After Pork Giant Was Exposed for Cruel Killings, the FBI Pursued Its Critics
The agency, seeking information on an animal rights group, attempted to recruit a former truck driver as an informant, the truck driver says.
Lee Fang, The Intercept
February 17 2021
Last June, Noel Williams, the chief operations officer of Iowa Select Farms, a powerful pork company and the largest in Iowa, pulled into the parking lot of an empty housing complex typically used for the firm’s immigrant workforce.
He was there to transport Lucas Walker, a former truck driver for Iowa Select, to a meeting with Nick Potratz, an FBI agent from the Des Moines office of the bureau. That’s according to Walker, who had recently tried to report Iowa Select, his former employer, for mistreating animals. After The Intercept published leaked video of pigs being killed off en masse, Walker came under scrutiny.
Now, the FBI had a favor to ask: Would Walker become an informant? More specifically, they wanted him to help in an effort to investigate and undermine an activist group that had become a thorn in Iowa Select’s side. They even asked if he’d be willing to sell drugs.
The saga that brought him into contact with the FBI began when the 26-year-old grew frustrated with his former employer, Iowa Select, which is headquartered in his hometown of Iowa Falls. Walker thought the company was blatantly disregarding state “double stocking” rules, which limit the size and number of pigs that are held in an intensive animal feeding facility, letting overweight pigs crowd into pens far too small to hold them.
He was tired of what he saw as frequent rule-breaking and disregard for the well-being of the tens of thousands of hogs raised by Iowa Select. The company, in his view, seemed hellbent on expansion and profits, leading to rampant overcrowding and water pollution. That rapid expansion led to the annual production of 1.5 billion pounds of pork a year, a global leader before the pandemic. The novel coronavirus, however, closed regional slaughterhouses, creating a glut of pigs.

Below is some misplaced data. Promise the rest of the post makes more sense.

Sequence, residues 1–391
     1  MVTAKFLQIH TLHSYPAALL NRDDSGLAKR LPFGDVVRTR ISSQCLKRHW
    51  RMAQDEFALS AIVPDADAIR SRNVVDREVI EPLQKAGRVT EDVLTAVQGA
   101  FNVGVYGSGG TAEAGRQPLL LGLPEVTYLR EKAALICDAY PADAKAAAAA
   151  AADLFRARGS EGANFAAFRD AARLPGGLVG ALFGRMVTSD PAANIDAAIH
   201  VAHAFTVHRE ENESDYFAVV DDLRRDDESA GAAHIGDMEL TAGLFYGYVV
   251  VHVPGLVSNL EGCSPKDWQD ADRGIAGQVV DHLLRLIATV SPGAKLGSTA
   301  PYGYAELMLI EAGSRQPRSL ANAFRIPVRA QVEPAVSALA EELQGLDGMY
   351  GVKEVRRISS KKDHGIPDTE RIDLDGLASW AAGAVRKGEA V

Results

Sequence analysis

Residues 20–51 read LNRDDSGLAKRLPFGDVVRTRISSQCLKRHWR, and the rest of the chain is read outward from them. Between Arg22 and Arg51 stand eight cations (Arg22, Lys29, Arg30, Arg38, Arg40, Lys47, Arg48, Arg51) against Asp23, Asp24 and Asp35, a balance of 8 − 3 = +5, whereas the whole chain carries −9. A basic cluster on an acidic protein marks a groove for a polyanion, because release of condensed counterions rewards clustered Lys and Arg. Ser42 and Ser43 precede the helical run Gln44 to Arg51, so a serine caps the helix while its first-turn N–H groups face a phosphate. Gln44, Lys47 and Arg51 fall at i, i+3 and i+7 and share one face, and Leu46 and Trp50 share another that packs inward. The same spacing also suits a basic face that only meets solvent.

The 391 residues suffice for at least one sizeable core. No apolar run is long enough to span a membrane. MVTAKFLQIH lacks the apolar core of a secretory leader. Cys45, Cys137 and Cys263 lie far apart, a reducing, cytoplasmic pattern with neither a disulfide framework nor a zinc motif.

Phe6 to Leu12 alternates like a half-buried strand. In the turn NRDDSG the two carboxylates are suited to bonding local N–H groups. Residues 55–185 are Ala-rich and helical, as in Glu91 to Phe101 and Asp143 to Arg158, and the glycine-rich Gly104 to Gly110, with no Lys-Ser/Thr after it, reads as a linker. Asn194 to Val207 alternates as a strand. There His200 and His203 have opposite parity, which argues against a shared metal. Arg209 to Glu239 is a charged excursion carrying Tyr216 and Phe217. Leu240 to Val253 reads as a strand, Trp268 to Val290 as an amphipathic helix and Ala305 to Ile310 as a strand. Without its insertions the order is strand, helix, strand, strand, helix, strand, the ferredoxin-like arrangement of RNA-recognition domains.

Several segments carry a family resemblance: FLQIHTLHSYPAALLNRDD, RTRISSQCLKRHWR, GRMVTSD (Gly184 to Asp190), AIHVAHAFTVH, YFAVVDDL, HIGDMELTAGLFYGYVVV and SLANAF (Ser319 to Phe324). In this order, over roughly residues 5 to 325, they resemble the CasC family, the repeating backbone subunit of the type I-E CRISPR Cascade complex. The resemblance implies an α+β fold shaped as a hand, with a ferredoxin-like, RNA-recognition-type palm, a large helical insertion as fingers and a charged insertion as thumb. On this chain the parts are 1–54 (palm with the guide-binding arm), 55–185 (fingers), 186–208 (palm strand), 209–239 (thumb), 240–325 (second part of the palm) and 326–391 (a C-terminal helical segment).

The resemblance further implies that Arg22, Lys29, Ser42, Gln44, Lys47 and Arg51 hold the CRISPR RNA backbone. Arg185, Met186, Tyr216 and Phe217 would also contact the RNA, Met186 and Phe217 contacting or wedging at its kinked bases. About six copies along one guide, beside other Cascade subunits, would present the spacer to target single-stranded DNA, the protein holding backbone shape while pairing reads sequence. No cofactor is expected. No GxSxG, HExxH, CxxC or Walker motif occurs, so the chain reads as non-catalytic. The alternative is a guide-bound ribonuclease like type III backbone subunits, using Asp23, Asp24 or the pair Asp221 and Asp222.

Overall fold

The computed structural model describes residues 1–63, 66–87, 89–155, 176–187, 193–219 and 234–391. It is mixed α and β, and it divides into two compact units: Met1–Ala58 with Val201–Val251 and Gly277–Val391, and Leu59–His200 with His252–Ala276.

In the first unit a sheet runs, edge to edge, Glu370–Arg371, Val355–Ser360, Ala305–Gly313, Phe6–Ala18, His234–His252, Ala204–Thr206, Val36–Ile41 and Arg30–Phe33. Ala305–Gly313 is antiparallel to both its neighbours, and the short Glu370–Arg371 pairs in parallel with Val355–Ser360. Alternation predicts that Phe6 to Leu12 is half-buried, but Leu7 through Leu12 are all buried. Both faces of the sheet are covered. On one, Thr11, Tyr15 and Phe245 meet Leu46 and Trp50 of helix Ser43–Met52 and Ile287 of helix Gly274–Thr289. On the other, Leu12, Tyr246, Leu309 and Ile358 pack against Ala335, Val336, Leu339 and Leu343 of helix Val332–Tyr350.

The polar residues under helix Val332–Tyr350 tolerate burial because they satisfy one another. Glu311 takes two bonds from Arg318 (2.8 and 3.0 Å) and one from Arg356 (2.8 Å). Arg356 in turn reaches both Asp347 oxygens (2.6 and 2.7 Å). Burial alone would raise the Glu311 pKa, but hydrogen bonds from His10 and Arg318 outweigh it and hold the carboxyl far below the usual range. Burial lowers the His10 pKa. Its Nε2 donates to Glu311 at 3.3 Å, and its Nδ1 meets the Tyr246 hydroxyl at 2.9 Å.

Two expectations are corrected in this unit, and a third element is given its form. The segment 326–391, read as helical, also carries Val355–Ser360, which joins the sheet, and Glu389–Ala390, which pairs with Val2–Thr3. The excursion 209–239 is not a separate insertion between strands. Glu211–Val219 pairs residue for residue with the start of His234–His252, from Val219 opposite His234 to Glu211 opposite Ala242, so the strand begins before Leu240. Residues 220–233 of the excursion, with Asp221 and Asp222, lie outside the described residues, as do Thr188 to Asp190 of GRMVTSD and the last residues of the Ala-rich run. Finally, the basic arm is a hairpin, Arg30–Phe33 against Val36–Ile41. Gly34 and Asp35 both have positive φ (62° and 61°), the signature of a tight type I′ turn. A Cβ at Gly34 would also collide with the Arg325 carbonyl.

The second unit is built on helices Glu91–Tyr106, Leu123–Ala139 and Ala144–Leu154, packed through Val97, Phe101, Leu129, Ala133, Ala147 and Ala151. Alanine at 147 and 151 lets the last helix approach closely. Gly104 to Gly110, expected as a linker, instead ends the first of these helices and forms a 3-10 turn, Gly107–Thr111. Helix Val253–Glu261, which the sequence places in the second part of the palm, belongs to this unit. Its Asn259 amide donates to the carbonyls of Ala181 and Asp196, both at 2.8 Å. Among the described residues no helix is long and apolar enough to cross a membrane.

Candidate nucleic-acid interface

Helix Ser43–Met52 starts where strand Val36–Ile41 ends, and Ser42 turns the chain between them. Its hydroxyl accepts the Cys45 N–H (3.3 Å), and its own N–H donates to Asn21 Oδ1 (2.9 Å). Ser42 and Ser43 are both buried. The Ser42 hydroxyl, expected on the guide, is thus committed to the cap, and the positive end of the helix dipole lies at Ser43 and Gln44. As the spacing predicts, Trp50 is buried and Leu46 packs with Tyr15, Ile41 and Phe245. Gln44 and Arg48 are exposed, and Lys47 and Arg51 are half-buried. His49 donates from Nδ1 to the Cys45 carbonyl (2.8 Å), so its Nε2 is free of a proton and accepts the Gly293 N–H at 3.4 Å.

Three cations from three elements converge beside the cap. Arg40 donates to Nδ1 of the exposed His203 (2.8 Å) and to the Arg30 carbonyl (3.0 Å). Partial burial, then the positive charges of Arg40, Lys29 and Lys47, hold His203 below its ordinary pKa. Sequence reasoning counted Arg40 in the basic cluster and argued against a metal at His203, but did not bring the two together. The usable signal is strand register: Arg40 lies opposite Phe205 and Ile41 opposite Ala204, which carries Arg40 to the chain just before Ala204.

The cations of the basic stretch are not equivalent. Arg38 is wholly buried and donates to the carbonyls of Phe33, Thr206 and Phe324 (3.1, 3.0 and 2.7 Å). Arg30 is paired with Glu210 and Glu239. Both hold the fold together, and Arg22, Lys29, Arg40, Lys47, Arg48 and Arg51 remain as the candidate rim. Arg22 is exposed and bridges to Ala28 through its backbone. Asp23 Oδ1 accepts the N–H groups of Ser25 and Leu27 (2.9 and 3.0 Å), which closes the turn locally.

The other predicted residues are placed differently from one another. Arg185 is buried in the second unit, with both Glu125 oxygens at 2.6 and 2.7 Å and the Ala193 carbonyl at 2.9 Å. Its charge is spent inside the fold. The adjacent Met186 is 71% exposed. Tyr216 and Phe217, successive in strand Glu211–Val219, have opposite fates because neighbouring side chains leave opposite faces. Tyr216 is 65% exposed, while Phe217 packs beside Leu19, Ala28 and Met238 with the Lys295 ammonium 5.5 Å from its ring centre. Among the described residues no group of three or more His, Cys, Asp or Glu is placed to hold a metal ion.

He decided to speak out and called state regulators.
Walker doesn’t fit the profile of an animal rights activist...
... Iowa’s Department of Natural Resources, the local farm regulator, Walker felt, did not seem to care about his concerns over the phone or show any interest in enforcement on a company like Iowa Select...
... Walker, aware that he had few outlets for help, turned to the internet to research whistleblowing resources for factory farms. That’s how he found Direct Action Everywhere, the Berkeley, California-based group that has worked to expose the shocking treatment of animals in factory farms.
Soon after he came into contact with DxE, the novel coronavirus reached global pandemic status, shutting down slaughterhouses across the region. The glut of hogs, which suddenly became unprofitable, quickly ran up costs for the company. Iowa Select decided to mass slaughter thousands of pigs in a particularly brutal process...
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